Mar 1, 1976

Anaesthetic induction for Caesarean section with propanidid

M C MahomedyA J Coleman


Propanidid was used for the induction of anaesthesia at Caesarean section in 50 healthy mothers. All parturients were considered to have normal placental function. Anaesthesia was maintained with nitrous oxide, oxygen, muscle relaxant and controlled ventilation. The patients were tilted laterally with a 15 degrees rubber wedge during the procedure in order to obviate the effects of aorta-caval occlusion. At the time of delivery, arterial blood was drawn from the mother and from the vessels of a double clamped section of umbilical cord, for blood-gas analysis. The results obtained are compared with those previously reported in a similar series anaesthetised with thiopentone, gas, oxygen and relaxant. Maternal blood-gas and acid-base levels were similar in the two groups at delivery. The clinical status of the infants in the present series, as judged by the modified Apgar score at 2 minutes after birth, was satisfactory. Umbilical venous and arterial pH values after propanidid were both 0-054 units (P less than 0-001) less than those following thiopentone; and average base deficits were 3-1 (Uv) and 3-9 (Ua) mEq/litre greater after propanidid (P less than 0-001). Mean oxygen levels in the umbilical cord bloods were 8-0 (Uv) and 3...Continue Reading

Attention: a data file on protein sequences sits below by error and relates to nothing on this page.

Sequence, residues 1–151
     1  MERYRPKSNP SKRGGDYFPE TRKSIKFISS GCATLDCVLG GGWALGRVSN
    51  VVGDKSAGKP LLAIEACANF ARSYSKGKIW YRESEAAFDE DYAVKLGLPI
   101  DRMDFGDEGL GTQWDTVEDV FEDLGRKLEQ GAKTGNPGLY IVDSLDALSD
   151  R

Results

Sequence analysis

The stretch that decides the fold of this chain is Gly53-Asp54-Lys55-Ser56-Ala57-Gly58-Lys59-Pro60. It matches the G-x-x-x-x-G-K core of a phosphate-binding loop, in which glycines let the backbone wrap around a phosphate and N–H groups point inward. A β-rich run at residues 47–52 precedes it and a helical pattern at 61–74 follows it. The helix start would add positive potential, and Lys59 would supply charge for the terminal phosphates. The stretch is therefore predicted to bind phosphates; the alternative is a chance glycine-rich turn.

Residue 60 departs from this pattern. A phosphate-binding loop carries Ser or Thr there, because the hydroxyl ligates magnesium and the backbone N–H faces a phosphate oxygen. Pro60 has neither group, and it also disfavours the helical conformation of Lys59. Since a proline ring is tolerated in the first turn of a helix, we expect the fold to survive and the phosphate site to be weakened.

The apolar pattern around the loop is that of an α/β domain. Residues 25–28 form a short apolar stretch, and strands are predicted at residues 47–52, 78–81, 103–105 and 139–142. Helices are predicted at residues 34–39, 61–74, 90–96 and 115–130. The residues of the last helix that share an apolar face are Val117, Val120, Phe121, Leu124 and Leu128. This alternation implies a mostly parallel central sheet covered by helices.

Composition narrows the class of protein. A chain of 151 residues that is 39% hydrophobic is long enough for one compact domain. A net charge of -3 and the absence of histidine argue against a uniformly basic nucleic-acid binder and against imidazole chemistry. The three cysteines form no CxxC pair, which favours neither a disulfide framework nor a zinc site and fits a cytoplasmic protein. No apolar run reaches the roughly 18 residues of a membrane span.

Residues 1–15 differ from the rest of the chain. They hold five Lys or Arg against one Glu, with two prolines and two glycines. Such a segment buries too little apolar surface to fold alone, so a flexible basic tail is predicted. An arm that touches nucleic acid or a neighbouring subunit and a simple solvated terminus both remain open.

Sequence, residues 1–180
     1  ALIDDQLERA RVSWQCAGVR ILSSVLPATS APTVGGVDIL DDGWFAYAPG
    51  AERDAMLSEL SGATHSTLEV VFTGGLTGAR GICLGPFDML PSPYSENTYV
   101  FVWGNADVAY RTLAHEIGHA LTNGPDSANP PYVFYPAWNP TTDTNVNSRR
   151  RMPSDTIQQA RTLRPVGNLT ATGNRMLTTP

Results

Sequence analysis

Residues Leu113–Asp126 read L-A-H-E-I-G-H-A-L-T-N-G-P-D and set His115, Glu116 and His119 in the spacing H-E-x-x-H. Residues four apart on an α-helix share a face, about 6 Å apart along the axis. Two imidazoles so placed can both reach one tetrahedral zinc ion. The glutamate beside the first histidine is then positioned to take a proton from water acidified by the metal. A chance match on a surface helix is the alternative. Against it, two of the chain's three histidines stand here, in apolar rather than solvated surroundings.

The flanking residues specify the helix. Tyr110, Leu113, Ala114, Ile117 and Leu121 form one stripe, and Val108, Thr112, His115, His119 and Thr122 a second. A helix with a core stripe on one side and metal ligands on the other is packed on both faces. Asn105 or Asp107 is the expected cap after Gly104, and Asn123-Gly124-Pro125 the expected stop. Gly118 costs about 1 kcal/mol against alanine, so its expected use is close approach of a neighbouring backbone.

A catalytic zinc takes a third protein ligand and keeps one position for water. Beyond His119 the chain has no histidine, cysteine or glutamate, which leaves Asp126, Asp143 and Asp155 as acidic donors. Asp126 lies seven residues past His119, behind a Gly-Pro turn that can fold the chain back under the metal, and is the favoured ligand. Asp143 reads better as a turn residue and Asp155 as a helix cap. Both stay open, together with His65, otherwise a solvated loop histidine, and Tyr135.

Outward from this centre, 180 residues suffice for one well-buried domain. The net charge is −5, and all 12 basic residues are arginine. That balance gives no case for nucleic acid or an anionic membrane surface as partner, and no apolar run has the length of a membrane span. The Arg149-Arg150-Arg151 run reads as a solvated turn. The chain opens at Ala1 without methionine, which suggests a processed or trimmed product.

• References11
  • Citations2


  • References11
  • Citations2


Mentioned in this Paper

Fetal Structures
Postcesarean Section
Mental Recall
Anesthesia, Intravenous
Paracervical Block
Carbon Dioxide
Umbilical Cord Blood
Hydrogen-Ion Concentration

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